10. Paradoxically, meditation is the most difficult and most simple activity you will ever partake in.
9. There are infinite “anchors” (phenomena on which to focus your attention) and you need to find one or several that work for you.
8. The anchors — e.g., your breath, sensations, sounds, thoughts, steps, mantras, etc. — may change every day, once in a while, often, never.
7. Expecting specific results from your meditation practice is a surefire way to set yourself up for failure and disappointment.
6. Everyone thinks that meditation is easier for other people than it is for him or her.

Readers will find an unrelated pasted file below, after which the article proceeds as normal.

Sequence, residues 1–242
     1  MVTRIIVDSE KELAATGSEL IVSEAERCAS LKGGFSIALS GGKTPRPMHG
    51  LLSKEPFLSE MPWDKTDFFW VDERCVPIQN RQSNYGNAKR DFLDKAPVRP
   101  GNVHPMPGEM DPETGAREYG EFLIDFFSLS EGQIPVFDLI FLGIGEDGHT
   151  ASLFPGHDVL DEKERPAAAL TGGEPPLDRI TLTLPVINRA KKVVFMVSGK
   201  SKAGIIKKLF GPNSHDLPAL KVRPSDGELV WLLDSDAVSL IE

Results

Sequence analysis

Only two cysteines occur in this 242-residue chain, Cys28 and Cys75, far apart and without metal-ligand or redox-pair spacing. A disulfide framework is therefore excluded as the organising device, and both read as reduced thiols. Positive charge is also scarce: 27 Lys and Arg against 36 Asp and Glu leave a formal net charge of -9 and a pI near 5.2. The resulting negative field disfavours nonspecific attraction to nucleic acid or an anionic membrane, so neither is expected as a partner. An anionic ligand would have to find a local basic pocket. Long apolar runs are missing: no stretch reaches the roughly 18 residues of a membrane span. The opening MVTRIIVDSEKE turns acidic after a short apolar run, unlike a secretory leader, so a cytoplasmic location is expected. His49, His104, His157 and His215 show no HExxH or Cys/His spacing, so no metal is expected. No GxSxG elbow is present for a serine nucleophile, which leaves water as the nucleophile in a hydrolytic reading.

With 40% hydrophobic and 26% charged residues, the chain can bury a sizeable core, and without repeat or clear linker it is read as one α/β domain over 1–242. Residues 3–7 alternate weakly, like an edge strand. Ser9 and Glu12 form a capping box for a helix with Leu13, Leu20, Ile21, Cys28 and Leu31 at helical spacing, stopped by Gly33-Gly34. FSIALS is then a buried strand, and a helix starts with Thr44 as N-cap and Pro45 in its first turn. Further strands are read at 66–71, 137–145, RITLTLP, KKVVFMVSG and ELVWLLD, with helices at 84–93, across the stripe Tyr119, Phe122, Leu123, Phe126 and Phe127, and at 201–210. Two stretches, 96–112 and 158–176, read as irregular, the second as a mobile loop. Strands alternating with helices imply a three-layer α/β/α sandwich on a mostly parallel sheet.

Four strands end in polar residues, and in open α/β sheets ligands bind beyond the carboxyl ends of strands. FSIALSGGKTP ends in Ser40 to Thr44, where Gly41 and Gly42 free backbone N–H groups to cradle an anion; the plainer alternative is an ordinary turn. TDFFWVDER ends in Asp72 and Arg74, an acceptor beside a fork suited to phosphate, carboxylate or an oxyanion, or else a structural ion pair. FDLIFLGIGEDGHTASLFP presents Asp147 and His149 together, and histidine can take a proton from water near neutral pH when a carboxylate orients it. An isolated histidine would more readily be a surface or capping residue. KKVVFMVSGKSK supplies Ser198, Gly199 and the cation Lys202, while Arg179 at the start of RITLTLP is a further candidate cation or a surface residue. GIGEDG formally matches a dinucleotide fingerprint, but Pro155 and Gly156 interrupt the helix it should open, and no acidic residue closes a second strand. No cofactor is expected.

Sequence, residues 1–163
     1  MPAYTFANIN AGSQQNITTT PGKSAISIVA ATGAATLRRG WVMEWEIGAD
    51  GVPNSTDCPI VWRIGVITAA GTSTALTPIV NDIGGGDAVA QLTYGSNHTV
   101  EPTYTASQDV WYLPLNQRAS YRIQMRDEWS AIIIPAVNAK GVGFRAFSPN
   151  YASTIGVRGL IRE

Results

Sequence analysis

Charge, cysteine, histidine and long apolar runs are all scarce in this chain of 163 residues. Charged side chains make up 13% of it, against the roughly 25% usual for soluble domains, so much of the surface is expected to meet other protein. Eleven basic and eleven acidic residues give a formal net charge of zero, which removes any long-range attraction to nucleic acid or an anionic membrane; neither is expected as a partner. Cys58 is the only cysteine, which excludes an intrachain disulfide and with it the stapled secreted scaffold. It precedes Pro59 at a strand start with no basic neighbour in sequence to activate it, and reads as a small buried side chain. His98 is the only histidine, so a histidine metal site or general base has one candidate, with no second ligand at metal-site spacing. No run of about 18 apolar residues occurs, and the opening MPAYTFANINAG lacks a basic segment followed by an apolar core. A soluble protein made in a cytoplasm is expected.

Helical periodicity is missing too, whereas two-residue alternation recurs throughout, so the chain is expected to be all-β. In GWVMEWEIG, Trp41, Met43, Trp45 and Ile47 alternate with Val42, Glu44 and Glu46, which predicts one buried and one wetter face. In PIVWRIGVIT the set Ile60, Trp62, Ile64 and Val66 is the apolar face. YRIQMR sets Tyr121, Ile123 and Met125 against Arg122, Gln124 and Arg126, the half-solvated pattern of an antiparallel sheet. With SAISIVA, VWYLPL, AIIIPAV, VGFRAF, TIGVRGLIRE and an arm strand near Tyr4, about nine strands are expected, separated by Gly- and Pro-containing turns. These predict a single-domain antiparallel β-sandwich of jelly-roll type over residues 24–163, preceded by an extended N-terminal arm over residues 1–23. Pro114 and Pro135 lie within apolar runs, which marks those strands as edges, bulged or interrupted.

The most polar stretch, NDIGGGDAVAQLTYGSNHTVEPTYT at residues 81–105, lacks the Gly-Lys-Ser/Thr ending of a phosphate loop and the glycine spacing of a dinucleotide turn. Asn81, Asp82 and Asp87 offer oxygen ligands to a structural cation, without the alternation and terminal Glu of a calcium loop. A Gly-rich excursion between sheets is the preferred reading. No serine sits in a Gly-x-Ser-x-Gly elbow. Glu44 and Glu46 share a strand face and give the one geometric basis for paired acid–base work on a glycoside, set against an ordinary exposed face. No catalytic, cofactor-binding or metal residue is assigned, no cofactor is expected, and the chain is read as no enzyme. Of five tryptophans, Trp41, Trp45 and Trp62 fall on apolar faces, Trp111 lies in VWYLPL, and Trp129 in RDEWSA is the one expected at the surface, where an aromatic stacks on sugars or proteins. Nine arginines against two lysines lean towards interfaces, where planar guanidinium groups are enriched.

5. Your practice will be and feel different every day.
4. You can’t do it wrong.
3. Lawrence LeShan said about meditation, “It’s like coming home,” meaning that it is your birthright, your natural state, your true self — so it may help you to think about meditation as an uncovering or a revealing.
2. Reading books about meditation is only useful to a point but you have to be in it to win it.
1. If you want to learn about the dharma and how mediation works then I have found it to be most beneficial to study and practice with monks or former monks.